Bentham Project - Publishing the complete works of the great English legal reformer Jeremy Bentham. The site includes bibliographies of Bentham's works and a brief biography.
Blackstone's Commentaries on the Laws of England (1765-1769) - Full online text of the commentaries, first edition, with corrections and footnotes. The Commentaries were long regarded as the leading work on the development of English law and played a role in the development of the American legal system. They were in fact the first methodical treatise on the common law suitable for a lay readership since at least the Middle Ages. The Commentaries are often quoted as the definitive pre-Revolutionary War source of Common Law by U.S courts; in particular, the United States Supreme Court quotes from Blackstone's work whenever they wish to engage in historical discussion that goes back that far, or further (for example, when discussing the intent of the Framers of the Constitution). Also see Wikipedia article.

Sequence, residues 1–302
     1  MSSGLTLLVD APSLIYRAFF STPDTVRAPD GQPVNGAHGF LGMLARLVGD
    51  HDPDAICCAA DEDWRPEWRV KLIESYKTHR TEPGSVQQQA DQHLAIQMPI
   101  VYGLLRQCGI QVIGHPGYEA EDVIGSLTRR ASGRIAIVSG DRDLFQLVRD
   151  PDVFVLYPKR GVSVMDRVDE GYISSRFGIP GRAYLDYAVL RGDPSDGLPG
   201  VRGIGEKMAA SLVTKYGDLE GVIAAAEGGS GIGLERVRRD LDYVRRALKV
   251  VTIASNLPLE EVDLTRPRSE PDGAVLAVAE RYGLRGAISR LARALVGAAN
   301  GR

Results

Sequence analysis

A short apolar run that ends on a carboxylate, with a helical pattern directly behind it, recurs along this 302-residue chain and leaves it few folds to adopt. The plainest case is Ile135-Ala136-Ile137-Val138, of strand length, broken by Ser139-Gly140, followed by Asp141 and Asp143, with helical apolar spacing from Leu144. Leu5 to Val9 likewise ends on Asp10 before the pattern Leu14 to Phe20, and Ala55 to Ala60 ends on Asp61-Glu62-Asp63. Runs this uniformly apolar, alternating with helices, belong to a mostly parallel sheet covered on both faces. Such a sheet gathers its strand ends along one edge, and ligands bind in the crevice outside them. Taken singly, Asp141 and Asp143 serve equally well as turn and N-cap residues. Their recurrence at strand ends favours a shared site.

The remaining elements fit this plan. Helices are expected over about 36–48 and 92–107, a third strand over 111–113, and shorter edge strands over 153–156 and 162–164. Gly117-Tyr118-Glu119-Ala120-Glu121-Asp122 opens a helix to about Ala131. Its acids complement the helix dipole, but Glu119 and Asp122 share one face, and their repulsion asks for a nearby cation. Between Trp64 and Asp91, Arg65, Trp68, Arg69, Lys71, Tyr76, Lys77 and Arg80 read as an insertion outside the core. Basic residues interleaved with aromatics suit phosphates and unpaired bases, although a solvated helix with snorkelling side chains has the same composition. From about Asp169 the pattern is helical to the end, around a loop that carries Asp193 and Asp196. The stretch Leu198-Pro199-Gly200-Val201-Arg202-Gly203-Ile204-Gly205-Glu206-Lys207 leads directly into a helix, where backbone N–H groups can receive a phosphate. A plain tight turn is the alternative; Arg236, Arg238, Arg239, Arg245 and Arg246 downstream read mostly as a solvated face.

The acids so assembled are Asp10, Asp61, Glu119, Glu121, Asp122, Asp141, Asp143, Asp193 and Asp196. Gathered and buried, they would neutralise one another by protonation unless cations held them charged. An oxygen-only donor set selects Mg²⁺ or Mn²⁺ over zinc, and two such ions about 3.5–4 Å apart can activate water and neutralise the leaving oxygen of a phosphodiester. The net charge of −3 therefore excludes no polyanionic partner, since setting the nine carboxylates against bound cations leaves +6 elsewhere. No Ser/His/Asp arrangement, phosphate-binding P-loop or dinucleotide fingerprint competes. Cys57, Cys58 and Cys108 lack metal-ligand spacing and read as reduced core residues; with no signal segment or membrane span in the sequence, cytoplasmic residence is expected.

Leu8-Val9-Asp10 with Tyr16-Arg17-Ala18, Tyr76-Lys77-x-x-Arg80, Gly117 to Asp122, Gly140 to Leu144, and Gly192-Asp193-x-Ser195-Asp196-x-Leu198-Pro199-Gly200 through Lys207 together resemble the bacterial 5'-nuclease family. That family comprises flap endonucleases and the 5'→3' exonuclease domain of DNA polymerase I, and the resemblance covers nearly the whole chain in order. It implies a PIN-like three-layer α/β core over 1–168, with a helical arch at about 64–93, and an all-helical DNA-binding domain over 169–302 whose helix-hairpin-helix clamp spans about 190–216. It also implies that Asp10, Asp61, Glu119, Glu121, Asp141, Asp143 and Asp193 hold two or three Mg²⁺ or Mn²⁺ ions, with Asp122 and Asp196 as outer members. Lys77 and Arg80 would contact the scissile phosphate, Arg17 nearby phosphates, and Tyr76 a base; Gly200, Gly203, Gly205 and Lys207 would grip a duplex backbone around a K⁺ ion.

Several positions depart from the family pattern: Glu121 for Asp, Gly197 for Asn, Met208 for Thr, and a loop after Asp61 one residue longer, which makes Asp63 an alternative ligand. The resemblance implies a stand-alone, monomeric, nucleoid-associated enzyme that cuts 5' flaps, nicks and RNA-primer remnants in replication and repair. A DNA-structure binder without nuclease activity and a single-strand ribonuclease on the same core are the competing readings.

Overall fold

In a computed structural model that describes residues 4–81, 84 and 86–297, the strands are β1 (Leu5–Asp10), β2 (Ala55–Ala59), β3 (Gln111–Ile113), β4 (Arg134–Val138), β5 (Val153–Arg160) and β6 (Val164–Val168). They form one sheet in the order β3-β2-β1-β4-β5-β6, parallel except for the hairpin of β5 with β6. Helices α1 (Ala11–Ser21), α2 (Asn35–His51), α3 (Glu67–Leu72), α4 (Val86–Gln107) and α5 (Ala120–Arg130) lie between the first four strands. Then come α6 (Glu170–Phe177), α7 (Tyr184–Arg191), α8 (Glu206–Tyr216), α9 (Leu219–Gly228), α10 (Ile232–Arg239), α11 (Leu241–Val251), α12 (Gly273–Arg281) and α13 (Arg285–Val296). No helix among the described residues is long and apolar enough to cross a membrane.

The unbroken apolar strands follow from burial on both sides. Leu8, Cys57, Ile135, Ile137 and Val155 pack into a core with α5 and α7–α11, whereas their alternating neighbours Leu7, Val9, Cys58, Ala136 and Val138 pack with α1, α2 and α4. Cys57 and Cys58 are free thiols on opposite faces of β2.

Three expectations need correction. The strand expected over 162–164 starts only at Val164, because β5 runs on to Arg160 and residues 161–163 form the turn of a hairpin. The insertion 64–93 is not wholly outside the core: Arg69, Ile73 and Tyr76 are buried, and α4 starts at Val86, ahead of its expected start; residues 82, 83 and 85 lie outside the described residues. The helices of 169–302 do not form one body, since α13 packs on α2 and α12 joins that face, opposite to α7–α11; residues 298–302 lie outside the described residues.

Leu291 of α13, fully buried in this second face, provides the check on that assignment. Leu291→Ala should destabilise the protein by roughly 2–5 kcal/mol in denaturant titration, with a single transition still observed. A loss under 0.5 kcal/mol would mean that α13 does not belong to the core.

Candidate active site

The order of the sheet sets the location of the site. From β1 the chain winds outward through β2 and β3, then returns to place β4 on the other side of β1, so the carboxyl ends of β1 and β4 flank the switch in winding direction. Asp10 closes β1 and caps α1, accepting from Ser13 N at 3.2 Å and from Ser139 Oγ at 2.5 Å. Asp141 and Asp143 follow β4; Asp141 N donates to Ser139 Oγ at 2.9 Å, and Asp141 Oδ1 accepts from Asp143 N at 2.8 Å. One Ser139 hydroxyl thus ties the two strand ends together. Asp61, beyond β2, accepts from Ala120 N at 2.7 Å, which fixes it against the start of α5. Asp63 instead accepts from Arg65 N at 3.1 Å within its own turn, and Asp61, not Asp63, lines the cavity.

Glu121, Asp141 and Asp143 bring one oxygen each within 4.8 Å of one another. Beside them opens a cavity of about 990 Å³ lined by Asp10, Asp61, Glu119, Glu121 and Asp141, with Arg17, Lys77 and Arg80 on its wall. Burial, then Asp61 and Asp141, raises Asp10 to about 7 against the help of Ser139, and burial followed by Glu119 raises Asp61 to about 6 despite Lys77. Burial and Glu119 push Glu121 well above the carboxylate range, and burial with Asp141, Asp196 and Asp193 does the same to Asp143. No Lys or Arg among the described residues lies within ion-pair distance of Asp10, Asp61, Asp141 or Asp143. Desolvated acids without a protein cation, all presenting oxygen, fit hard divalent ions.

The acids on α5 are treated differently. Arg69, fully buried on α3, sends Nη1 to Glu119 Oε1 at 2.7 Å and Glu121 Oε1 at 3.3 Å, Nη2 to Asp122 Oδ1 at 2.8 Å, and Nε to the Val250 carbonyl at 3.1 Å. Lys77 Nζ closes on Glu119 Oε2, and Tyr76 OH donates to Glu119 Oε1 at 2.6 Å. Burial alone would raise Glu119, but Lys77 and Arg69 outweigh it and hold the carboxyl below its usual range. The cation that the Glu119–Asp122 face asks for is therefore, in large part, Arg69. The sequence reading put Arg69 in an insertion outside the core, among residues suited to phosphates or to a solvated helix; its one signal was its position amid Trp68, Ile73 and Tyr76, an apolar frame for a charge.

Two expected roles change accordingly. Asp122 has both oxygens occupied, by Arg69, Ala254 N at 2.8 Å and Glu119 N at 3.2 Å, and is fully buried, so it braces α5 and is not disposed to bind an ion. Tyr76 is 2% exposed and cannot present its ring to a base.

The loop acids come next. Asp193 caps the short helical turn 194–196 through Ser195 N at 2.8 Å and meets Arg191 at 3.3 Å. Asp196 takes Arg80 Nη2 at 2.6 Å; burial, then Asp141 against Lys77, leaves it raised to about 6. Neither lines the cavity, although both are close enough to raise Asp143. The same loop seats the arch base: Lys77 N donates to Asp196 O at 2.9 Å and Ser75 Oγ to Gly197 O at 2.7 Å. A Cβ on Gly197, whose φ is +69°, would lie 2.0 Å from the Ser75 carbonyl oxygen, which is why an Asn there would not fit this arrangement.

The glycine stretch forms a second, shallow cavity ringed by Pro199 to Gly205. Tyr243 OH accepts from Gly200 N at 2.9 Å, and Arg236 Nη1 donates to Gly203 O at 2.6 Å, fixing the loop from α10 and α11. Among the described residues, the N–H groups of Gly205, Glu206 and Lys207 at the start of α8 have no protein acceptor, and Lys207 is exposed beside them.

Bracton: De Legibus et Consuetudinibus Angliae - Bracton on the Laws and Customs of England attributed to Henry of Bratton, c. 1210-1268. The work (commonly known now simply as Bracton) attempts to describe rationally the whole of English law, a task that was not again undertaken until Blackstone's Commentaries on the Laws of England in the eighteenth century. The work is remarkable both for its wealth of detail and for its attempts to make sense out of English law largely in terms of the ius commune, the combination of Roman and canon law that was taught in the universities in Bracton's time.
California State Archives - General information on records of state appellate courts, constitutional conventions, and Spanish & Mexican land grants.